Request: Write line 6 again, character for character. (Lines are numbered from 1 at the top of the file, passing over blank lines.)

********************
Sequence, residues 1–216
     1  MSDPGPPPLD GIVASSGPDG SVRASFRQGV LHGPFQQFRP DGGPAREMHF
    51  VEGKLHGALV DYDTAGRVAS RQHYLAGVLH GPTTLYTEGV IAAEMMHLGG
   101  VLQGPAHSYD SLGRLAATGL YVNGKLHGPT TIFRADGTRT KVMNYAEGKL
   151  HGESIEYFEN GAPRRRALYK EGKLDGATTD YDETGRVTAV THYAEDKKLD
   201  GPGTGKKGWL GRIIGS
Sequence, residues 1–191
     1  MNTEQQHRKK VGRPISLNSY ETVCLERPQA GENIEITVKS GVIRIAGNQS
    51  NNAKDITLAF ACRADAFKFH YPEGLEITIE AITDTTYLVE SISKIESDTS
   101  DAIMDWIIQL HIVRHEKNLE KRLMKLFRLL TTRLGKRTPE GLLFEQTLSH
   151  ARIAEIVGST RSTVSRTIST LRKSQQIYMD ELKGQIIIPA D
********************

   201  GPGTGKKGWL GRIIGS